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    rock

    0.4.0 • Public • Published

    Node.js - rock

    Rock generates file structures or project skeletons based off of predefined templates.

    Why?

    Do you constantly finding yourself writing a lot of new libraries for Node.js and having to create the package.json, README, LICENSE, lib/, test/ files over and over again? Well, I did. I was getting annoyed of having to create the same file structure over and over again.

    I stumbled upon a few solutions, but they all seem to do more than just generate a file structure from a template. That's all I wanted. Oh, and I wanted it to be programmatic too. So, if I wanted to build a blogging engine or another Rails clone in JS, I could leverage rock to generate the empty templates.

    As it stands now, rock is written in Node.js. But the actual templates themselves could be for any language.

    Installation

    You will need Node.js and npm (Node.js Package Manager). This is bundled with Node.js. If you don't have npm, mozy on over to the Node.js download page. There are prebuilt binaries and installers for most platforms including Mac OS X, Windows, and Linux.

    After you have installed Node.js and npm, you can install rock by running the following command:

    npm install -g rock
    

    Don't forget the -g flag. This will ensure that the rock command is available system wide.

    Usage

    rock [path] -r [rock]
    

    example:

    rock mylib -r node-lib
    

    or

    rock /tmp/mylib -r node-lib
    

    Options

       --version              Print version and exit.
       -r ROCK, --rock ROCK   The rock path or Github repo.
       -c, --config           The config file. Defaults to ~/.rock/rock.conf.json
       -f, --file             If the rock is a single file. Supports http as well.  [false]
       --topen                Opening template value. Defaults to {{  [{{]
       --tclose               Closing template value. Defaults to }}  [}}]
    

    Want to create a project from a rock hosted somewhere else? No problem:

    rock myapp -r git@github.com:johndoe/myrepo.git
    

    or use Github shorthand:

    rock myapp -r johndoe/myrepo
    

    Make Your Own Rocks

    It's stupidly simple to make your own rocks. Create a Git repository on Github or an empty directory on your filesystem. Start making template files.

    Example (myproject.js):

    /*
       Author: {{author}} <{{email}}>
       File: {{-file}}
       Created: {{-date}}
    */
     
    function main() {
     
    }

    Now, when you run:

    rock myproj -r /path/to/my/rock/repo
    

    Rock will prompt:

    author: [YOU_TYPE_YOUR_NAME_HERE]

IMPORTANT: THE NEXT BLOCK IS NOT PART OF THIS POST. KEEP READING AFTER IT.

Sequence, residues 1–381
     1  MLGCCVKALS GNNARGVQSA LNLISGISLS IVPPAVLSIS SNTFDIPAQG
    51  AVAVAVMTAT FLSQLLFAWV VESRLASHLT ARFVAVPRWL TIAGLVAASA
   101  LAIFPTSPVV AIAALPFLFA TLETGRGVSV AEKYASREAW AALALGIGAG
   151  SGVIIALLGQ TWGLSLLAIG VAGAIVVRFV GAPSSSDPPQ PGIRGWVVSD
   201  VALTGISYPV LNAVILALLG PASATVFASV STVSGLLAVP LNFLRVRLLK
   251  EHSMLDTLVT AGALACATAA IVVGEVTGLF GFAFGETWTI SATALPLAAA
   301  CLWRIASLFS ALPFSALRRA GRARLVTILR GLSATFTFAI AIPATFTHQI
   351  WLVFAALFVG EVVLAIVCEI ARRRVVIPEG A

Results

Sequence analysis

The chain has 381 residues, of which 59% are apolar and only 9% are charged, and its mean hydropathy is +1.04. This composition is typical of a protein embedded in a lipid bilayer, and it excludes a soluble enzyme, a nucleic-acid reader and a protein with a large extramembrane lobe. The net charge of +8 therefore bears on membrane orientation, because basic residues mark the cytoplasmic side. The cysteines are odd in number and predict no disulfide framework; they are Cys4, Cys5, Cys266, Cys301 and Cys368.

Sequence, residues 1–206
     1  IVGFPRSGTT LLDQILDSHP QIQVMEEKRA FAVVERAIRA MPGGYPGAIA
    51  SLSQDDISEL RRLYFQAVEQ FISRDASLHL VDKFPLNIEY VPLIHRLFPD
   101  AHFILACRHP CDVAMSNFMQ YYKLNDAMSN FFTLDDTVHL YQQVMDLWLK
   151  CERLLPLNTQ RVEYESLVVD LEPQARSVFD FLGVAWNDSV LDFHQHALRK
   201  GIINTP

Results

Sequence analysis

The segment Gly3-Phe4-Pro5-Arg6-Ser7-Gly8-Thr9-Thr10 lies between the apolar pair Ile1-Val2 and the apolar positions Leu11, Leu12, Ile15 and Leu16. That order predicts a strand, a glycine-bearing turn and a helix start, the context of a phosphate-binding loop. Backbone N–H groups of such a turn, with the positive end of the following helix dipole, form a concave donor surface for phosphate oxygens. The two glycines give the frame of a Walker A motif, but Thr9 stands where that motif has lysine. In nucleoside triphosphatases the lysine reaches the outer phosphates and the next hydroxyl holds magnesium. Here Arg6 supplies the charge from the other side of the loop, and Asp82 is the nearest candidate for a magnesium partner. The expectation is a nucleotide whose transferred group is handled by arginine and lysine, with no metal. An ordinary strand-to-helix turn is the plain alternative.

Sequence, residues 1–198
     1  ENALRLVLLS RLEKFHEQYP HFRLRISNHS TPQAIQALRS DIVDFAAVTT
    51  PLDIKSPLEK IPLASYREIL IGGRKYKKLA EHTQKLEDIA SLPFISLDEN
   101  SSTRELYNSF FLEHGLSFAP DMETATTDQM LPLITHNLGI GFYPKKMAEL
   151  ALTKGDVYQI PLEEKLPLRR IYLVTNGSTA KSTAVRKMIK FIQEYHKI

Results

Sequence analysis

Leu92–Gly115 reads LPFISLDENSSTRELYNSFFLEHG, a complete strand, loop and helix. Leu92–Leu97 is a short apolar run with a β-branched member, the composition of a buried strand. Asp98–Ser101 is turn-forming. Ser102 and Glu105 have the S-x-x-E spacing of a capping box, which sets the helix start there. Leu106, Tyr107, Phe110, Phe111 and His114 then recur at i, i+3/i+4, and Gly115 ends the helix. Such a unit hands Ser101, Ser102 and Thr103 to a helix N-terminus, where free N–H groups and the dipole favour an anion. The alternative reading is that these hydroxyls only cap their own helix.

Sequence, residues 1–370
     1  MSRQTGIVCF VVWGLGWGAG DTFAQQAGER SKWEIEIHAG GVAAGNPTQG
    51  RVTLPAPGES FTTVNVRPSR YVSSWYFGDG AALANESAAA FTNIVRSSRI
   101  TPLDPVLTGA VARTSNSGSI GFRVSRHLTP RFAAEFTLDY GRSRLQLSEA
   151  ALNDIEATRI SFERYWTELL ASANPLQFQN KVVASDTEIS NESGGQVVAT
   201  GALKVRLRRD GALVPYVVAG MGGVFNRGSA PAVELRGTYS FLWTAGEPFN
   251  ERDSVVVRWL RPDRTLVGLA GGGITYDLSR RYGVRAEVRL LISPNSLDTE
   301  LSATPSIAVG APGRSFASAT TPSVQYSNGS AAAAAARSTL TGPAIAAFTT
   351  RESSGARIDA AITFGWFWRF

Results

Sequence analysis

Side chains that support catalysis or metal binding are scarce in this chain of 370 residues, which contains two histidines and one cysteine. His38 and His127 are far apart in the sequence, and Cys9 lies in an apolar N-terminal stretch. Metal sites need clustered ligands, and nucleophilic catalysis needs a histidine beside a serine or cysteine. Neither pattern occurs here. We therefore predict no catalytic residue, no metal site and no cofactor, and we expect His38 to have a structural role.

email: [YOU_TYPE_YOUR_EMAIL_HERE]
    

    Rock, then will create the file structure of your new project with the values of your template tokens replaced with what you typed. Rock already understands -file, -date, and a few others.

    Ignore Directories

    In your rock repo, add a file .rock/rock.json. Add the following:

    {
        "ignoreDirs": ["./dirToIgnore"]
    }

    Why would you do this? Let's say that you're calling rock programmatically and you don't want rock to prompt you for any tokens because you are going to use Mustache/Hogan/Handlebars in your own code.

    Open / Close Templates

    If you don't want to use the default {{ and }} and want to use something else, you can configure this behavior for your Rock in .rock/rock.json:

    {
      "tokens": {
        "open": "#{",
        "close": "}"
      }
    }

    You may want to do this if you generate files that actually use Mustache templates.

    Single File Rocks

    Rock doesn't need to be used with just whole repos. It can be used with individual files as well.

    Example:

    http://localhost/data.txt:

    Hi, @@author@@ is going to build:
    @@project-name@@.
    

    command:

    rock /tmp/outputfile.txt -f --topen '@@' --tclose '@@' -r http://localhost/data.txt
    

    prompts:

    author: JP
    project-name: Rock
    

    output:

    /tmp/outputfile.txt:

    Hi, JP is going to build:
    Rock
    

    rock.conf.json

    This file defaults to ~/.rock/rock.conf.json. You can set default values (prompt or skip).

    {
      "templateValues": {
        "author": "JP Richardson"
      },
      "defaultValues": {
        "email": "jprichardson@gmail.com"
      }
    }

    So, if you were to run:

    rock myapp -r rocktemplates/node-bin
    

    it would not prompt you for author and it would prompt you for email but with a default of jprichardson@gmail.com.

    Rocks

    See more rocks at: https://github.com/rocktemplates or browse 3rd party Rocks here: https://github.com/rocktemplates/rock/wiki/rocks

    Roadmap to v1.0.0

    • Will probably change configuration from JSON to TOML. TOML needs to achieve stability first.
    • Create/fork site similar to component.io

    Contributors

    License

    (The MIT License)

    Copyright (c) 2012-2013, JP Richardson

    Install

    npm i rock

    DownloadsWeekly Downloads

    12

    Version

    0.4.0

    License

    MIT

    Last publish

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